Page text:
Anthropology Dept. Forms Eight Committees in Response to Harassment and Gender Bias Concerns


Harvard Cancels Summer 2021 Study Abroad Programming


UC Showcases Project Shedding Light on How Harvard Uses Student Data


Four Bank Robberies Strike Cambridge in Three Weeks


After a Rocky Year, Harvard Faces an Uncertain Economic Climate in 2021, Hollister Says

Analysis of Events: A Look at League Competition



The departure of Ted Fullerton has also hurt Harvard's chances in the 400-yard medley relay, leaving the Crimson without a strong breaststroke leg. In Fullerton's absence, Haywood will take over the leg and, if he keeps improving, he could make a good showing. Last week he swam a respectable 1:01.9 leg, a personal best, and the Crimson aquamen hope he will be able to shave even more off that time.

Pyle can offer a strong backstroke leadoff leg (possibly 53 or 54 seconds) and George Keim should fly well. Cooper has been a good anchor man all winter.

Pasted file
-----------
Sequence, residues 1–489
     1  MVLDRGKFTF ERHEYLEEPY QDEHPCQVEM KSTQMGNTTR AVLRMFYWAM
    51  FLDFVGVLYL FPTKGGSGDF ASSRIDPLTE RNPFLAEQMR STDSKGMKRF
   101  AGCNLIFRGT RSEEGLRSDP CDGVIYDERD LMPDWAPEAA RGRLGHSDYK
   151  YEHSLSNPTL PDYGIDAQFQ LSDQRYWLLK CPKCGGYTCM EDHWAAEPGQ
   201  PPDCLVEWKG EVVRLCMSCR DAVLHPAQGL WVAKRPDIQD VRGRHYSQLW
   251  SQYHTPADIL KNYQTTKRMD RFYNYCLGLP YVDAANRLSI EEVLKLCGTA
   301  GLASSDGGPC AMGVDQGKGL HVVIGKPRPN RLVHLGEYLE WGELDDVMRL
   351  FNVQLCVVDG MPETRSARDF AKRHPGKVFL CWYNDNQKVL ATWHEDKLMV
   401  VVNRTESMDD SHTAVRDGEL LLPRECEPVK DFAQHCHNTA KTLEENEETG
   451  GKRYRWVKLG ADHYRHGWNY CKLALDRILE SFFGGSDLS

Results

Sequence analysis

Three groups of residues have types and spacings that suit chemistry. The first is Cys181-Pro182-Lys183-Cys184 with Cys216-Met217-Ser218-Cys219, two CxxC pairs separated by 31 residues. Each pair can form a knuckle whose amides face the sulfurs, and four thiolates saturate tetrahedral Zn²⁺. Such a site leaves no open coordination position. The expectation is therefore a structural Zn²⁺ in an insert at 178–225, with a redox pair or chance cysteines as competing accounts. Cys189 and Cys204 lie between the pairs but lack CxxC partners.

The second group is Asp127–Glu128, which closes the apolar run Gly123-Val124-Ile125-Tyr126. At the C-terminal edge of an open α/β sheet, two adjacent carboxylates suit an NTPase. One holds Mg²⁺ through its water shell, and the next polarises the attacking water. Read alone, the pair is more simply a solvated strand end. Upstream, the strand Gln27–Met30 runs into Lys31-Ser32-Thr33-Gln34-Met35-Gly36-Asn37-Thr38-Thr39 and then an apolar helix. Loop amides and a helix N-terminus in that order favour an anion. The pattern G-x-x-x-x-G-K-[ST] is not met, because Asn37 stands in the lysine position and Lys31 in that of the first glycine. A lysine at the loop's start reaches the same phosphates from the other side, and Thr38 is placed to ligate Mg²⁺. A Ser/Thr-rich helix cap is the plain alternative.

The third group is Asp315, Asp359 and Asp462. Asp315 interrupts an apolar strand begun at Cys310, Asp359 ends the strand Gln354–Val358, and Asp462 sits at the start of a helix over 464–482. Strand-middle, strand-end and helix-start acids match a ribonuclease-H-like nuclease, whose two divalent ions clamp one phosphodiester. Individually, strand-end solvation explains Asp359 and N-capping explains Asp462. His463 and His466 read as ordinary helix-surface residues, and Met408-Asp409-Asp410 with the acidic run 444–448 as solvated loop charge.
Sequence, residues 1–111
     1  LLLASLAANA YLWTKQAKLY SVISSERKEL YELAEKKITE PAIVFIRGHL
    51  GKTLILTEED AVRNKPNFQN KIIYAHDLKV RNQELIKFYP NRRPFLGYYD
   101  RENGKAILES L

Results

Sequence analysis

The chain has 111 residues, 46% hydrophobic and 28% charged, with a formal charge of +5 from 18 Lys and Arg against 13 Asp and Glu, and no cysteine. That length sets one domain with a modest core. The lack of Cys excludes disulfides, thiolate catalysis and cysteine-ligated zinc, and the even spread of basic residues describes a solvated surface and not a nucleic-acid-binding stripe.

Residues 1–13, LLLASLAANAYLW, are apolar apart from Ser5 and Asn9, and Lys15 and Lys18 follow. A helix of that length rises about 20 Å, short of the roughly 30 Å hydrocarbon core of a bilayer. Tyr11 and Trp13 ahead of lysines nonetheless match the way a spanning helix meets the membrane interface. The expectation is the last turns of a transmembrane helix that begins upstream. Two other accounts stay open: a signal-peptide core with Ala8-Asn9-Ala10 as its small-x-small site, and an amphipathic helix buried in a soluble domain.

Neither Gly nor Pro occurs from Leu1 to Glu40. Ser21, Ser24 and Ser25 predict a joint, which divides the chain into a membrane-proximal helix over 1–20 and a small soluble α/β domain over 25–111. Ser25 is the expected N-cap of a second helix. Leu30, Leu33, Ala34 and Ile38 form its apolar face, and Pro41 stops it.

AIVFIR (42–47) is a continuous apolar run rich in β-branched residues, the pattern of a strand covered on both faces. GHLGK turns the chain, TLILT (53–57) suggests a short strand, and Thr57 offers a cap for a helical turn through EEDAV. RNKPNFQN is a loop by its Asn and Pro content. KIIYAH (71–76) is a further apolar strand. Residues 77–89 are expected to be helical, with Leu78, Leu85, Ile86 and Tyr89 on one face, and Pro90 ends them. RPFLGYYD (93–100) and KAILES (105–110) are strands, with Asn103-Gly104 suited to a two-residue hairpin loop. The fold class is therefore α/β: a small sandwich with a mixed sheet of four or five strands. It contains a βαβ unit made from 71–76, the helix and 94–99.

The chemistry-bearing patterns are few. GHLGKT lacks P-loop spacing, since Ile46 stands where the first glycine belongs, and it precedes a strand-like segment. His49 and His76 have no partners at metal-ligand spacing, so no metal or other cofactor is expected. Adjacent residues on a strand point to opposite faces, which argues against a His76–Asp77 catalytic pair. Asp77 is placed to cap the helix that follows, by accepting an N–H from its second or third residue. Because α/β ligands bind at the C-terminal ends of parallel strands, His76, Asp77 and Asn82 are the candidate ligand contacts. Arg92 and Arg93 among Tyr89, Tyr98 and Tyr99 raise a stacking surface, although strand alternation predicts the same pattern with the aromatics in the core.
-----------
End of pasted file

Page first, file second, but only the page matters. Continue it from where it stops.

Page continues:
The lineup for the 400 and 800 free relays are usually chosen on the basis of the performance of Harvard swimmers in the 100 free. At this time Raffel, Keim, Neville, Cooper and Haywood will probably be among the top choices.

Dartmouth has an excellent medley relay team, and Harvard coach Essick is hoping the Big Green can do him a favor by knocking off the Tigers. "Princeton has three great legs of their medley relay. [Bruce] Kone will swim either back or fly and whichever leg he doesn't swim will be the weaker," Essick said this week. "Dartmouth has sort of the same problem with where they swim [Mark] Stebbins, but they are still very good."

Navy has a spectacular 400 free relay team with all of its sprinting stars--McElwee, Ross, Joe Kernan and Rich Stone--while Army and Princeton look to be the class of the 800 free relay.

Want to keep up with breaking news? Subscribe to our email newsletter.